Figure 2 Normal stress distribution present in a plate under tension axial loads The presence of staggered holes in the transversal section as presented in Figure 3, complicates an immediate identification of the plate critical net section. This process is not new since in 1922 Crochrane [3], performed one of the first attempts to characterize staggered bolted connection failure modes by the use of the well known, eq. (1). This expression adds a term to the original net width to obtain the final net section area and is still present in major steel design codes.

p

sdbb bn 4

2

(1)

In the previous equation b is the plate width, db is the bolt diameter, s and p represent the staggered centre to centre hole distances measured parallel and perpendicular to the member axis. The Eurocode 3, part 1.4 (2003) [4], establishes the guidelines for the stainless steel plate design submitted to axial tension forces. The structure failure is associated to the smallest tension axial force obtained considering two limit states: gross cross-section plastic resistance given by eq. (2), or the ultimate net cross-section tension rupture expressed by eq. (3).

0

,

.

M

ygRdpl

fAN

(2)

where, Npl,Rd is the tension design plastic resistance, Ag is the plate gross area, fy is the steel yielding stress and is the partial safety factor, in this case equal to 1.

2

n,

. A .

M

urRdu

fkN

(3)

where An is the net cross-section plate area, fu is the steel tension rupture stress, kr is obtained from eq. (4) and is the partial safety factor, in this case equal to 1.25. 3031 0 .u/drkr (4)

where r is the ratio between the number of bolts at the cross-section and the total number of joint bolts, d0 is the hole diameter, u = 2.e2 but u p2 where e2 is the edge distance from the centre of the bolt hole to its adjacent edge, in the direction perpendicular to the direction of load transfer and p2 is the hole centre-to-centre distance measured in the direction perpendicular to the load axis.

Figure 3 Cover plate joint detail and strain gauges location The tension joint design has also some additional recommendations:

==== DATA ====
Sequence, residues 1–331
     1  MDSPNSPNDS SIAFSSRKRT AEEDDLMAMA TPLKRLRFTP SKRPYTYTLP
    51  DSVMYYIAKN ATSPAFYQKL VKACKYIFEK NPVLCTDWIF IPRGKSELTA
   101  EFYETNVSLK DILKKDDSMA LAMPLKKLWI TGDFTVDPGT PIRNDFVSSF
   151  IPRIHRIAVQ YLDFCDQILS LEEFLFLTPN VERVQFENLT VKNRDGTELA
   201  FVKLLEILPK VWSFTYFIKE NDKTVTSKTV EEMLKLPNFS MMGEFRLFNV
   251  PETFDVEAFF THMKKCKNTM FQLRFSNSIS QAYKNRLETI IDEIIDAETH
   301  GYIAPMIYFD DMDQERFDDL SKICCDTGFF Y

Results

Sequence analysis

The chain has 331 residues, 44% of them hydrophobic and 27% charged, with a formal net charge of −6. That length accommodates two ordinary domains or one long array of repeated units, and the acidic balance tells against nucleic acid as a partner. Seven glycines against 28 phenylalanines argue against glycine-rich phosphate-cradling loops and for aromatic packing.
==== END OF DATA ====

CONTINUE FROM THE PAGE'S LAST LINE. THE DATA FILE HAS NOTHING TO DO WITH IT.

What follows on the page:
a) in bolted joints, the hole width should be considered 2 mm larger than the nominal bolt diameter, perpendicular to the applied force direction;

b) in the case of staggered holes, when a diagonal direction to the load axis or zigzag is considered, the net width should be calculated first deducing from the initial gross width, all the holes present in it, and after that adding for each staggered holes a value equal to s2/4p, where s and g, represent the considered longitudinal and traverse hole spacing;

c) the bolted joint critical net width is the smallest evaluated net width for all the different net rupture possibilities;

d) for angles, the dimension p of opposite legs holes is equal to the sum of the dimensions, measured from the angle corner, minus its thickness;

e) the net cross-section area for joints with fillet or spot welds present in the holes should not consider the weld metal area;

f) joints without holes should be evaluated considering that the net area is equal to the gross area, Anet = Ag.

plate 3mm

plate 15mm

plate 3mm

bolts M12

SG5/SG10

SG4/SG9 SG2/SG7

SG1/SG6 SG3/SG8

50 50 50

55

55

145,2

40 45

3 Experimental Tests An innovative experimental program was used to calibrate the numerical model presented in the present paper. The experiments involved bolted cover plate joints made of stainless steel A304 denominated E5_INOX_50 [6]. The bolted joints were made of two 3 mm thick stainless steel plates and two 15 mm thick carbon steel plates with a 5 mm gap. The horizontal and vertical bolt pitch, g, and p were 50 mm and 55 mm respectively (see Figure 3). The strains measurements were performed using linear strain gauges located in both stainless steel plates named SG as it can be observed in the Figure 3. The obtained curves in tensile coupons tests are presented in the Figure 4 where a nonlinear behaviour can be observed. The stainless steel yield stress was determined using a straight line parallel to the initial stiffness at a 0.2% deformation, Figure 4, leading to a value equal to 350.6 MPa while the ultimate tension stress was 960 MPa. Figure 4 also present the results of a true stress versus true strain curve obtained using the equations (5) and (6), respectively. This curve was used in the finite element modelling due to the large strain and stresses associated to the investigated problem where t , t , fy ,and ,n represent the true stress, the true strain the yield stress and original measured strain, respectively. )(f nyt 1 (5) )ln( nt 1 (6)

Figure 4 Stress versus strain curves for the stainless steel A304 The bolted cover plate joint tests were carried out on a 600kN universal Lousenhausen machine, Figure 5. The data acquisition in terms of deformations, displacements and applied load was performed using the National Instruments system NI-PXI-1050.